Advanced Search
MyIDEAS: Login to save this article or follow this journal

Government Consumption and Growth

Contents:

Author Info

  • Evans, Paul

Abstract

Using a simple stochastic growth model that nests both exogenous and endogenous growth, this paper shows that the growth rate should be mean stationary if growth is exogenous and difference stationary if growth is endogenous and any variable affecting investment is difference stationary. Permanent changes in the share of output devoted to government consumption should permanently affect the growth rate if, and only if, growth is endogenous. The author tests these implications and finds no evidence that growth is endogenous. Furthermore, even if growth is endogenous, the evidence indicates that its degree of endogeneity is likely to be small. Copyright 1997 by Oxford University Press.

Download Info

To our knowledge, this item is not available for download. To find whether it is available, there are three options:
1. Check below under "Related research" whether another version of this item is available online.
2. Check on the provider's web page whether it is in fact available.
3. Perform a search for a similarly titled item that would be available.

Bibliographic Info

Article provided by Western Economic Association International in its journal Economic Inquiry.

Volume (Year): 35 (1997)
Issue (Month): 2 (April)
Pages: 209-17

as in new window
Handle: RePEc:oup:ecinqu:v:35:y:1997:i:2:p:209-17

Contact details of provider:
Postal: Oxford University Press, Great Clarendon Street, Oxford OX2 6DP, UK
Phone: 714-965-8800
Fax: 01865 267 985
Email:
Web page: http://ei.oupjournals.org/
More information through EDIRC

Order Information:
Web: http://www.oup.co.uk/journals

Related research

Keywords:

References

No references listed on IDEAS
You can help add them by filling out this form.

Citations

Citations are extracted by the CitEc Project, subscribe to its RSS feed for this item.
as in new window

Cited by:
  1. Georgios Karras, 2006. "Foreign aid and long-run economic growth: empirical evidence for a panel of developing countries," Journal of International Development, John Wiley & Sons, Ltd., vol. 18(1), pages 15-28.
  2. By Michael Funke & Ralf Ruhwedel, 2001. "Product Variety and Economic Growth: Empirical Evidence for the OECD Countries," IMF Staff Papers, Palgrave Macmillan, vol. 48(2), pages 1.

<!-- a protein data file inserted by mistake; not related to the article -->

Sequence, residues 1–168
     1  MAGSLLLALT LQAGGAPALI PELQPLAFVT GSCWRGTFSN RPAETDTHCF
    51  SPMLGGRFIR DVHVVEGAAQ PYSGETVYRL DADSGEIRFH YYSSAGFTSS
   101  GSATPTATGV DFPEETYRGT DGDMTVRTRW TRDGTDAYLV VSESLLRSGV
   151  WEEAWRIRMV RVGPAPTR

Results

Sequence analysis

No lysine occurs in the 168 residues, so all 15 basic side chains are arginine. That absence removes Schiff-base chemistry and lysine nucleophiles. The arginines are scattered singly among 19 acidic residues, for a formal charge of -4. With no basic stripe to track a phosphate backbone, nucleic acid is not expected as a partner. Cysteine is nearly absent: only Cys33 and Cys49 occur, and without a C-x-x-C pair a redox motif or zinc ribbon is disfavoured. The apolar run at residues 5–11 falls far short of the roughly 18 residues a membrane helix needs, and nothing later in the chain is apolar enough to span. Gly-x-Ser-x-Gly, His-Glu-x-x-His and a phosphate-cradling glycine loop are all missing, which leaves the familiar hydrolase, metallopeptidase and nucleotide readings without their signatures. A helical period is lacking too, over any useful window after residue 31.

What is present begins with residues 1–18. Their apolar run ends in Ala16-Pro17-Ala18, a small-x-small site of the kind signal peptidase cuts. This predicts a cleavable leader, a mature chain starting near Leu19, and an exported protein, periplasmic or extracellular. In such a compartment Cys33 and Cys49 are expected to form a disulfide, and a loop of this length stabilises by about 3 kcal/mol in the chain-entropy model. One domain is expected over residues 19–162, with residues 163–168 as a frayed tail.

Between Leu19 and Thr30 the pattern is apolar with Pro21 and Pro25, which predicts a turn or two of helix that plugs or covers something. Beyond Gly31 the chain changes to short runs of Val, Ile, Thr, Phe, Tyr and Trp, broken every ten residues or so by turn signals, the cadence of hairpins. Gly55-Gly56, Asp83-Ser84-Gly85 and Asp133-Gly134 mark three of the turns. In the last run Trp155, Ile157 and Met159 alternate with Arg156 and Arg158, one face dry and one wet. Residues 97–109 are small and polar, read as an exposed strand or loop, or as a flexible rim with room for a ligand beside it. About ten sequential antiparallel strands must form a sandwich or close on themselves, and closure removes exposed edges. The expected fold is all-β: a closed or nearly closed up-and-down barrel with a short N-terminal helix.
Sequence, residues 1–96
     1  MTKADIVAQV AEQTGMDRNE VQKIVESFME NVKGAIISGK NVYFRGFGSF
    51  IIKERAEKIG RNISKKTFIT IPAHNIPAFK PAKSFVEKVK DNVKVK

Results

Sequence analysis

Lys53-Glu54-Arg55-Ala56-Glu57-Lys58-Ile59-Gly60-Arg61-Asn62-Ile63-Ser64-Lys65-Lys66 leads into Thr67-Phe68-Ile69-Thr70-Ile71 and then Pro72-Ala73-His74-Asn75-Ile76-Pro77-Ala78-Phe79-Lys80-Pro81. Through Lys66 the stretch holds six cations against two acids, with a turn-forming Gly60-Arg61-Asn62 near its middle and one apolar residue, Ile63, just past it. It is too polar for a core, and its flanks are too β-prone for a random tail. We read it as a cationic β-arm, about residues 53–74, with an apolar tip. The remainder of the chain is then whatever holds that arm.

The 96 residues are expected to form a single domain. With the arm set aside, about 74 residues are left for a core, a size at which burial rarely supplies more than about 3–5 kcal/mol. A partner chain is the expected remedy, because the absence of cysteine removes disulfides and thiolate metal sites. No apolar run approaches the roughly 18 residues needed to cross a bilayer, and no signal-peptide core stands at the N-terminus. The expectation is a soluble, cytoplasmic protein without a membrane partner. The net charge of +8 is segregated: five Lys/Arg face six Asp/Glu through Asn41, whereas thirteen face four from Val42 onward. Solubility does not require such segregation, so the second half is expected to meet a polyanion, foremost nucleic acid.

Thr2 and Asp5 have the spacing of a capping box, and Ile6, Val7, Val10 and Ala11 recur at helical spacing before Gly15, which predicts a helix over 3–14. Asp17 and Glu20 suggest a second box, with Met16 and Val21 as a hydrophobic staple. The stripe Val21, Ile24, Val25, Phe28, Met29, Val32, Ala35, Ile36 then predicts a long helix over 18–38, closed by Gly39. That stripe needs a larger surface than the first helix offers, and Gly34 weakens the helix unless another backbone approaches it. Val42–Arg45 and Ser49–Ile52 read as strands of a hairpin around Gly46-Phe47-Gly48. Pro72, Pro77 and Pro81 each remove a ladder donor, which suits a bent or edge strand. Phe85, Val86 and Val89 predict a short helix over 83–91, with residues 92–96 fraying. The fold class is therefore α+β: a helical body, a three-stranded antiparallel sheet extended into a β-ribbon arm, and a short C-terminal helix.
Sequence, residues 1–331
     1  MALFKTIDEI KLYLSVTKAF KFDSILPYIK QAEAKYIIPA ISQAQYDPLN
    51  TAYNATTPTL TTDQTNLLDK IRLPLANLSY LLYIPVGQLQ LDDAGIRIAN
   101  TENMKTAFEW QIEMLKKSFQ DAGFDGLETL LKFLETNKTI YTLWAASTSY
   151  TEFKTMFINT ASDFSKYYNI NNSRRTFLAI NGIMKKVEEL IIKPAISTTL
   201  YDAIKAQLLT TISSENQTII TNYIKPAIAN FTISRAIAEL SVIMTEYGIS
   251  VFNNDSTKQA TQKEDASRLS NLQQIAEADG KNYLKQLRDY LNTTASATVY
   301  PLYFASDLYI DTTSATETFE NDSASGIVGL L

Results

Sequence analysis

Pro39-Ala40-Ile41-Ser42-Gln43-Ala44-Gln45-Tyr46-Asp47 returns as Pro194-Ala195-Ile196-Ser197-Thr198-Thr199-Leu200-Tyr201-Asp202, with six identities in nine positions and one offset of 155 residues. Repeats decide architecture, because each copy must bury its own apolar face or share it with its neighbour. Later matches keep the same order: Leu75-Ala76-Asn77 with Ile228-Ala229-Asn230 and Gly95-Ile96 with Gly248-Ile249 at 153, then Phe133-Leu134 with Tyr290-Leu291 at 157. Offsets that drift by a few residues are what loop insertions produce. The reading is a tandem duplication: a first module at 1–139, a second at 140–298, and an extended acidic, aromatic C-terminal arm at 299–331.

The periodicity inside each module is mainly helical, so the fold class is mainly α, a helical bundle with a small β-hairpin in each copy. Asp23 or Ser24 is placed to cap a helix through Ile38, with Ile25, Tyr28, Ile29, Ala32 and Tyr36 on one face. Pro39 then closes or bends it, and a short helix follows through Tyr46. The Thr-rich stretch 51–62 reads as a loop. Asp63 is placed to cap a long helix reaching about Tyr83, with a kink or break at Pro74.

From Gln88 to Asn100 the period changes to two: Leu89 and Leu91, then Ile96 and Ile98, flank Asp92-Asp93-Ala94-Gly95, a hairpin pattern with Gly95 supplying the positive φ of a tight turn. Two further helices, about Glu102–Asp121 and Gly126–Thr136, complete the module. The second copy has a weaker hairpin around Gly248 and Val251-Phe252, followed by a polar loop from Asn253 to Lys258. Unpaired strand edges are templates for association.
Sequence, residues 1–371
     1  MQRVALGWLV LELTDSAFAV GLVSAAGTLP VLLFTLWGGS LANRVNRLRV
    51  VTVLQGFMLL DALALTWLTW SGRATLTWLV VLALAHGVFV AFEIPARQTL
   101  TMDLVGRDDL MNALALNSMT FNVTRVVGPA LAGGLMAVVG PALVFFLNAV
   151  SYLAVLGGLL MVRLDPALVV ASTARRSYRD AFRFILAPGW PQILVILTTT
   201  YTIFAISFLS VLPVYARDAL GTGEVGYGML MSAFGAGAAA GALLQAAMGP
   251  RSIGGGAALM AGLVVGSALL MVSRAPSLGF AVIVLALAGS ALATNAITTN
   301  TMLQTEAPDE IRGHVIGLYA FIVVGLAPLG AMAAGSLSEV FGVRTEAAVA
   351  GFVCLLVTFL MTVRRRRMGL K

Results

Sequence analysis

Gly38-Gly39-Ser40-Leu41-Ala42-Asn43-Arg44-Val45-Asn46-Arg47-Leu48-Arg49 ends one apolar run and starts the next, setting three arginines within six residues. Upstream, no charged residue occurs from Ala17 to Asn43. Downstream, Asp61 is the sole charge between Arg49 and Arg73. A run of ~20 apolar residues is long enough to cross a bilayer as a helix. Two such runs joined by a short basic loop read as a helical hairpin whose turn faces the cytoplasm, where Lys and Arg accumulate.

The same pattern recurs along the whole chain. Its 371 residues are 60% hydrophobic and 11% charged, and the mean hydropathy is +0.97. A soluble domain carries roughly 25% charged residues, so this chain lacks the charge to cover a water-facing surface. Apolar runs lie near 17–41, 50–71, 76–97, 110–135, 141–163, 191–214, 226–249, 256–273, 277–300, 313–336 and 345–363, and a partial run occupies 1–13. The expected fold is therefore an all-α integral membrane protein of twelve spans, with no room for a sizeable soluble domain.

3. François Facchini & Mickaël Melki, 2013. "Political Ideology and Economic Growth: Evidence from the French Democracy," Université Paris1 Panthéon-Sorbonne (Post-Print and Working Papers) halshs-00917617, HAL.
  4. Mark, Nelson C. & Sul, Donggyu, 2001. "Nominal exchange rates and monetary fundamentals: Evidence from a small post-Bretton woods panel," Journal of International Economics, Elsevier, vol. 53(1), pages 29-52, February.
  5. Paul Evans, 1998. "Income Dynamics in Regions and Countries," Working Papers 98-09, Ohio State University, Department of Economics.
  6. Arlene Garces-Ozanne, 2006. "A bounds test approach to the study of level relationships in a panel of high-performing Asian economies (hpaes)," Working Papers 0607, University of Otago, Department of Economics, revised Nov 2006.
  7. Daniel G. Swaine, 1999. "Is the U.S. economy characterized by endogenous growth?: a time-series test of two stochastic growth models," Working Papers 99-9, Federal Reserve Bank of Boston.
  8. Karras Georgios, 2001. "Long-Run Economic Growth In Europe: Is It Endogenous Or Neoclassical?," International Economic Journal, Taylor & Francis Journals, vol. 15(2), pages 63-76, June.
  9. Romero-Ávila, Diego & Strauch, Rolf, 2008. "Public finances and long-term growth in Europe: Evidence from a panel data analysis," European Journal of Political Economy, Elsevier, vol. 24(1), pages 172-191, March.

Lists

This item is not listed on Wikipedia, on a reading list or among the top items on IDEAS.

Statistics

Access and download statistics

Corrections

When requesting a correction, please mention this item's handle: RePEc:oup:ecinqu:v:35:y:1997:i:2:p:209-17. See general information about how to correct material in RePEc.

For technical questions regarding this item, or to correct its authors, title, abstract, bibliographic or download information, contact: (Oxford University Press) or (Christopher F. Baum).

If you have authored this item and are not yet registered with RePEc, we encourage you to do it here. This allows to link your profile to this item. It also allows you to accept potential citations to this item that we are uncertain about.

If references are entirely missing, you can add them using this form.

If the full references list an item that is present in RePEc, but the system did not link to it, you can help with this form.

If you know of missing items citing this one, you can help us creating those links by adding the relevant references in the same way as above, for each refering item. If you are a registered author of this item, you may also want to check the "citations" tab in your profile, as there may be some citations waiting for confirmation.

Please note that corrections may take a couple of weeks to filter through the various RePEc services.